A multi-million dollar deal York University signed recently with Jim Balsillie’s Centre for International Governance Innovation for a new program in international law gives the Waterloo-based think tank say over areas in which the program’s chairs will work, their research plans & who can be hired. [theonlysilentbob/wikimedia]
Concerned about universities abandoning academic integrity, CAUT’s academic freedom and tenure committee has recommended that censure of the administrations of York, Wilfrid Laurier and Waterloo universities be initiated at the April CAUT Council meeting.
“The situation at York University is the most serious,” said Len Findlay, who chairs the committee. “At issue is an agreement
signed by the university which gave a donor’s private think tank unprecedented powers in relation to strictly academic matters.”
The agreement reached in August 2011 between York and the Centre for International Governance Innovation (CIGI), the think tank run by former co-CEO of Research in Motion Jim Balsillie, was to create a program in international law through York’s Osgoode Hall Law School with 10 new chairs financed by money from the Ontario government, the university and Balsillie through CIGI.
The agreement foresaw a program to be administered by a steering committee with two voting members from the university and two from CIGI. The committee was to develop chair research areas, and establish financial terms and research expectations for each of the chairs, including their research plans, and to determine the short list of candidates from which the university would be allowed to hire.
“Not only is CIGI to be given a voice in making all these academic decisions, it is given veto power on each,” said Findlay. “This is a fundamental violation of academic integrity by the university administration, perhaps the most serious we have seen at any university in Canada.”
A donor’s think tank or foundation should have no voice in a university’s decision making in such areas, according to Findlay.
Osgoode Law School faculty appear to have agreed. They tried for months to get the offensive aspects removed from the agreement, to no avail. In February the York administration abandoned plans to offer the program through the law faculty and relocated it to other faculties.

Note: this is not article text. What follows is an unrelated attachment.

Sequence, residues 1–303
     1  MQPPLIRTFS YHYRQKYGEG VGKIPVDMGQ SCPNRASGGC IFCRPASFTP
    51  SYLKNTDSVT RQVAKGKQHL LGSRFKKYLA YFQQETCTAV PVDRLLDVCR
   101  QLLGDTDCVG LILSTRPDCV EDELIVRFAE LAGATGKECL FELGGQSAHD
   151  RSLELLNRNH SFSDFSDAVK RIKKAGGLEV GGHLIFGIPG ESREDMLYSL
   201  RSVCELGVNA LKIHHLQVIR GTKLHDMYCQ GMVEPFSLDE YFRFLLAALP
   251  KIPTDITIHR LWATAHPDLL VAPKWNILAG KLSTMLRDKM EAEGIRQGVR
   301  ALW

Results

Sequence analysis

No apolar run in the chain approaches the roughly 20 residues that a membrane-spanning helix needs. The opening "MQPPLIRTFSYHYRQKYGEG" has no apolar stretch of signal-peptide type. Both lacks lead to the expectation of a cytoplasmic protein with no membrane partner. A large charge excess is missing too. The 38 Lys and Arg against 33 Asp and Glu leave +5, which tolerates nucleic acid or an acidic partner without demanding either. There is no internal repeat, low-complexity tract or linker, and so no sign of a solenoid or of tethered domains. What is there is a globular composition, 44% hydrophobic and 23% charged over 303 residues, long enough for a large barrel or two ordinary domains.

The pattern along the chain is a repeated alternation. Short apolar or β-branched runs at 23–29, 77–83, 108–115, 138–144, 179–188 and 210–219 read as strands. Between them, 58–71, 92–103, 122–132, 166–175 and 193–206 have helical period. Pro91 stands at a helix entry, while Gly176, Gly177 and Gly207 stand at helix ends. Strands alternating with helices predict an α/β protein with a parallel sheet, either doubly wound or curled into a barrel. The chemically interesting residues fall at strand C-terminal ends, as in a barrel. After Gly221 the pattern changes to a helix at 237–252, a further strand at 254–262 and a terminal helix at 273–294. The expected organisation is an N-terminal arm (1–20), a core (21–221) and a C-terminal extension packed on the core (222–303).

Facing growing public pressure, York and CIGI adopted a series of protocols, the last of which did remove CIGI’s ability to veto who could be on the shortlist of candidates to be interviewed. Under the latest protocol, if the CIGI members of the steering committee disagree with the university representatives, the issue will be turned over to a group of outside independent scholars who have final authority over whom the university can consider. CIGI’s veto power remains over determination of research areas for each chair and over the setting of research expectations and research plans for each.
The concerns at Wilfrid Laurier and Waterloo involve the two universities’ agreement to a governance structure for their joint Balsillie School of International Affairs (BSIA). Funded by a $33 million donation from Balsillie, the school offers Waterloo and Wilfrid Laurier graduate programs in international governance and policy.
The structure calls for the school to be governed by a board on which the two universities and CIGI each have two representatives. The board has the authority to decide which programs shall be designated BSIA academic programs, choose the senior academic who will be director of the school, have final budgetary and operational authority for the school, and decide the school’s strategic research direction. Any decision of the board requires the support of at least one of the two CIGI members to pass.
“All of these should be the exclusive domain of the universities,” said Findlay. “We are setting a very dangerous precedent when we allow private donor organizations to have a role, much less a veto, in academic matters.”
CAUT executive director James Turk says he hopes the academic freedom and tenure committee’s concerns will lead the universities to modify their agreements to protect academic integrity.